Individual investors may not be able to redeem a cent if funds sold by Korea’s troubled hedge fund Lime Asset Management Co. post a loss ratio of near 60 percent, an outside auditor warned.
The outstanding assets of three Lime funds that have suspended withdrawals - Tethys II, Pluto FI D-1, Pluto TF-1 – were estimated at 1.6 trillion won ($1.35 billion), with investor losses to reach 800 billion to 900 billion won, according to a due diligence report by audit firm Samil PricewaterhouseCoopers.
The loss rate for Tethys II and Pluto F1 D-1, which invested in privately placed securities and mezzanine funds, is reported to be 45-50 percent and 50-55 percent, respectively. While not yet confirmed, the loss is expected to be bigger for Pluto TF-1, which invested in trade finance funds, at more than 70 percent.
Korea’s largest hedge fund came under fire last October when it halted withdrawals from the three funds after investors rushed to take their money out following news of a regulatory probe into the company’s risky trading activities. The company was suspected of illegally trading convertible bonds of listed firms with non-listed companies in collusion with large-sized brokerage houses to increase returns.
To enjoy leverage, Lime had also managed the funds under a total return swap (TRS) contract with local brokerages, with the hedge fund paying commissions to financial institutions that would buy the assets on its behalf.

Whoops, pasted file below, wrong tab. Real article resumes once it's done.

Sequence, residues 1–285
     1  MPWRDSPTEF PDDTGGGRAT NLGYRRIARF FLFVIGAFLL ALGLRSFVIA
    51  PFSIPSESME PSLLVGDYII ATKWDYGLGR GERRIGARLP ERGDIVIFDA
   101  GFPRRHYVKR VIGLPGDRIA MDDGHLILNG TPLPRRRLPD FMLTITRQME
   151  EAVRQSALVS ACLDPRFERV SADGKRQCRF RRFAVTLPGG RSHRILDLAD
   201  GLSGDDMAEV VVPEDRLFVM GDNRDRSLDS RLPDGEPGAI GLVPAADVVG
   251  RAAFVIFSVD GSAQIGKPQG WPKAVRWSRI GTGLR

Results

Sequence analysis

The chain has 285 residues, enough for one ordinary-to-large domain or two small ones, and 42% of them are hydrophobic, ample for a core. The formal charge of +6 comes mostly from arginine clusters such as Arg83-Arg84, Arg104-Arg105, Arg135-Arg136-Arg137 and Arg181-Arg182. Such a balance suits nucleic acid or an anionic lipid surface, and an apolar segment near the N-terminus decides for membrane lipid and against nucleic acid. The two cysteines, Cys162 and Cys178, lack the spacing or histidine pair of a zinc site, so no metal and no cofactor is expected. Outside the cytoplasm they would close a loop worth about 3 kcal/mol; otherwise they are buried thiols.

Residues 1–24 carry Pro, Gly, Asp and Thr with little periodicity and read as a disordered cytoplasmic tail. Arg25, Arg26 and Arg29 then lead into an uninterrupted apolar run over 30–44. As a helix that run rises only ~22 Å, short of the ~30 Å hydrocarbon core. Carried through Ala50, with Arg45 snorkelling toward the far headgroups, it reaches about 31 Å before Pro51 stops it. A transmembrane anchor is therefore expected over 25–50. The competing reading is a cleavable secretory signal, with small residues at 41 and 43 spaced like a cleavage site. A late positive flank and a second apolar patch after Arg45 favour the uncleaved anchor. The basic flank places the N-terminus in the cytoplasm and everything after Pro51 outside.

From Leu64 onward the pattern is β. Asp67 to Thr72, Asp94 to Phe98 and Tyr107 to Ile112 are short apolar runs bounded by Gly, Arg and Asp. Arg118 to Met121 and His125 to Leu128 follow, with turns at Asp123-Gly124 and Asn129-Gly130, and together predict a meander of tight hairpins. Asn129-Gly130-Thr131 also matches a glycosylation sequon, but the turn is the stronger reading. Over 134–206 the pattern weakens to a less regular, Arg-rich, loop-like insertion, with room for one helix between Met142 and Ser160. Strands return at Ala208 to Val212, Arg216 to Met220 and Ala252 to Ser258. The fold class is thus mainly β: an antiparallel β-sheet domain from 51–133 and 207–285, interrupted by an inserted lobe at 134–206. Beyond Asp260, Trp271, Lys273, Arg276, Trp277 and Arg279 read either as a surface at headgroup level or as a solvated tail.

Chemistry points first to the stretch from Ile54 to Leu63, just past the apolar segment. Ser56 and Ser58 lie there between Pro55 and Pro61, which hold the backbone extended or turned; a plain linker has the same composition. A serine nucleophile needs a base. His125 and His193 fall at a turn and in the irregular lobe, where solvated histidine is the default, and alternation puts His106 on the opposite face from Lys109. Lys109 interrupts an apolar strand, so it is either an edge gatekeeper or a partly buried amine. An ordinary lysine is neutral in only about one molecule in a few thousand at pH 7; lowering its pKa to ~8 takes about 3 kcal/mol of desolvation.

Lime’s direct investment is estimated at 930 billion won while TRS-based leverage is nearly 670 billion won. Shinhan Investment Corp. has taken on 500 billion won, KB Securities Co. 100 billion won and Korea Investment & Securities Co. 70 billion won.
These firms have the right to first payment in liquidation, meaning less would be left to go around for retail investors. Out of the estimated recouped assets of 800 billion won, 670 billion won would go to the brokerages, leaving individual investors with just 130 billion won.
“The financial institutions would start to incur losses when the fund loss rate exceeds 58 percent,” said one industry expert. “What’s more troubling is that after this point, individuals won’t be able to reclaim a single penny, which is likely to spark legal actions from investors that lose hundreds of millions of dollars.”
The number of retail investors affected is more than 4,000, with the average investment per person around 200 million won.
Lime’s total assets are also dropping sharply, making the investment recovery more difficult for individuals even if they take the case to court.
According to Korea Financial Investment Association, Lime’s net assets of 269 funds under management totaled 3.83 trillion won as of Feb. 6, with the suspended funds making up nearly 40 percent. Net assets are 2.2 trillion won lower compared with late July 2019 when allegations first started to emerge of its unfair trading practices. They are also 257.7 billion lower than the original investment amount of 4.09 trillion won.
On Friday, the Financial Supervisory Service is expected to announce its on-site investigation results and give a more detailed report on Lime’s fund losses. The Financial Services Commission will also issue a new guideline for private equity funds.
By Jin Young-tae and Kim Hyo-jin
[ⓒ Pulse by Maeil Business Newspaper & mk.co.kr, All rights reserved]